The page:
• Can it provide product demonstrations and training if needed?
*From A Basic Guide to Exporting, Tenth Edition, Department of Commerce/International Trade
Administration, ISBN 978-0-16-079204-5, pp. 64 - 66
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5. Developing Your Marketing Plan 69
Getting Your Product Export-Ready
If you have decided to proceed into direct exporting, it is now time to assemble a resource library
and a team to assist you in export development leading to sales.
As you proceed into direct exporting, you might consider the following professionals to provide
• An international attorney
• Freight forwarder
• An advisor from SCORE, SBDC, USEAC or a mentoring export company (See Chapter 3. Training
and Counseling to help determine which type of counseling service best suits your needs.)
• For high-tech companies, optionally, an engineer from the National Institute of Standards and
Technology’s Manufacturing Extension Partnership
You will need all of them to get your product ready, develop pricing, respond to inquiries, prepare
quotations, negotiate sales, prepare shipping documents, and select the best form of payment.
Keys to Successful Marketing
To be successful in placing your product/service in a foreign country, you must be mindful of
incorporating the following important aspects into your marketing strategy:
• Industry standards
• Government regulations and requirements
• Correct labeling
• Consumer preferences
• Other consumer-driven considerations
In many cases, only a minor product alteration may be required to gain appeal successfully; in
others, technical modiﬁcations must be made to incorporate standards of the importing country.
The CE mark, for instance, is required for products entering European Union countries; stringent
labeling standards apply to food, supplements and cosmetics in most countries.
Consideration should also be given to:
• Product name (beware of negative connotations in the local language)
• Cultural and/or religious connotations
• Compliance with standards
• Different electrical power systems
• Metric dimensions
• Local product regulations
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5. Developing Your Marketing Plan 70
About ISO Certification
Another consideration when planning a market strategy is understanding the ramiﬁcations of
ISO 9000, a quality control/management system. When competing for business in foreign countries,
particularly with regard to procurement bidding, it may be a requirement to be ISO-certiﬁed.
• In many instances, subcontractors supplying parts or services for major overseas contractors are
required by the terms of government contracts to be ISO 9000-qualiﬁed.
• The purpose of the ISO 9000 series is to document, implement and demonstrate the quality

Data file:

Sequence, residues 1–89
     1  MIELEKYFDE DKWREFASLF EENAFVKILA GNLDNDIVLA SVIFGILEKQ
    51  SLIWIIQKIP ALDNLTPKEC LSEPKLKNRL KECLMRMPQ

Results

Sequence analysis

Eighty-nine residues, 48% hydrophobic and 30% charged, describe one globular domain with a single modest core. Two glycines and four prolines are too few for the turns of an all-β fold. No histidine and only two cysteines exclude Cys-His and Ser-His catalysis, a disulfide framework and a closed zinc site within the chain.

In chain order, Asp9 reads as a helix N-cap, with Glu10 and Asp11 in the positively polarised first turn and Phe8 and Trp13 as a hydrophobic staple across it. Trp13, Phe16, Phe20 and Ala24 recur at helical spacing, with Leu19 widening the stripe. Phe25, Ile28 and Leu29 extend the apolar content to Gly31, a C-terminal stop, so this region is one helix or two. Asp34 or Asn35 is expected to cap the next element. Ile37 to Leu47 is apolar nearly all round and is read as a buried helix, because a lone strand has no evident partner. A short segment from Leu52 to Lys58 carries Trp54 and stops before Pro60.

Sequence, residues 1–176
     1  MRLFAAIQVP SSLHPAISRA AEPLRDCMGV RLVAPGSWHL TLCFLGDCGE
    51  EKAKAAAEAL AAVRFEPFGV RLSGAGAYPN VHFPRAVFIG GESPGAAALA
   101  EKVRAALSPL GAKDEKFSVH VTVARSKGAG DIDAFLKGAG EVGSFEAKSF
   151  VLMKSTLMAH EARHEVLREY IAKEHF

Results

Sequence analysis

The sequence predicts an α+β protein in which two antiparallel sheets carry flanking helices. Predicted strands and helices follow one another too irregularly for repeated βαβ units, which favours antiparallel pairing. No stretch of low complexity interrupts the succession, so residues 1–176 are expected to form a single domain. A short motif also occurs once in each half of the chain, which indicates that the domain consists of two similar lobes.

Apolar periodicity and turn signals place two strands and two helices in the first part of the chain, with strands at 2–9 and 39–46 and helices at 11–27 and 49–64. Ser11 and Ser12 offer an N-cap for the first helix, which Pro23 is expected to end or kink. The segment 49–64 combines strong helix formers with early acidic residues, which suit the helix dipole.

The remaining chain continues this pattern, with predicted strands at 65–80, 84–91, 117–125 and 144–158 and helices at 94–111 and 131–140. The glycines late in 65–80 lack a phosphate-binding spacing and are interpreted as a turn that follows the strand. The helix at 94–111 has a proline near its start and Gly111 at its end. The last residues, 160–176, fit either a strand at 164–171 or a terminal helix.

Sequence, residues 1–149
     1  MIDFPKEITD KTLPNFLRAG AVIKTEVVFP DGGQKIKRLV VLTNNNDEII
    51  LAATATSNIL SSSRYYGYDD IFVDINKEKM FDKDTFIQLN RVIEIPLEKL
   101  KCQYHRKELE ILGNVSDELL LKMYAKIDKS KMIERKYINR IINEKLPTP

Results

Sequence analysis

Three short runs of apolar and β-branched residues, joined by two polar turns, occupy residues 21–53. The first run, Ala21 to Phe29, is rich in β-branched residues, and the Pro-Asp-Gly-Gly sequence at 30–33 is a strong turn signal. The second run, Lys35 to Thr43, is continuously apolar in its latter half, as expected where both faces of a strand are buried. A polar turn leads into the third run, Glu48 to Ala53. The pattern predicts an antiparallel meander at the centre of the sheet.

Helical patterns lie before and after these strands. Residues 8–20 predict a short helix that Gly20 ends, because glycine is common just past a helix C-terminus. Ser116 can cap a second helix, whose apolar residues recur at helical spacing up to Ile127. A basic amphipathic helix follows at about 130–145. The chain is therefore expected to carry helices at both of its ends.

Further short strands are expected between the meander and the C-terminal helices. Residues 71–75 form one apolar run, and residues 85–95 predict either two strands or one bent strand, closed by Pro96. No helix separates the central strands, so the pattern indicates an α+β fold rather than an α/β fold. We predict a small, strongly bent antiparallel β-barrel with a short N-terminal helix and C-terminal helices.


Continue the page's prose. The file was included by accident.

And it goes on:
assurance systems used by companies that supply goods and services internationally.
ISO standards are required to be reviewed every ﬁve years. Additional information on these revisions
can be obtained from the American Society for Quality (ASQ). For local help in quality control and
manufacturing efﬁciency issues, contact the Manufacturing Extension Partnership, a joint effort of
the National Institute for Standards and Technology (NIST) and state governments.
There are three ways for a manufacturer to prove compliance with the requirements of one of the
ISO 9000 standards.
• You may evaluate your quality system and self-declare the conformance of the system to one of
the ISO 9000 quality systems.
• Second-party evaluations occur when your buyer requires and conducts quality system evaluations
of suppliers. These evaluations are mandatory only for companies wishing to become suppliers to
• Third-party quality systems and evaluations and registrations may be voluntary or mandatory and
are conducted by persons or organizations independent of both the supplier and the buyer.
Interpretations of an ISO 9000 standard may not be consistent from one registrar to another.
Since the supplier’s quality system is registered, and not an individual product, the quality system
registration does not imply product conformity to any given set of requirements. Additional information
on U.S., foreign and international voluntary standards and government regulations and rules of
certiﬁcation for nonagricultural products is available from the National Center for Standards and
National Institute of Standards and
Certiﬁcation Information (NCSCI), which is part of the
Back to Beginning
Financing Your Export Venture
Documents you may be interested
Documents you may be interested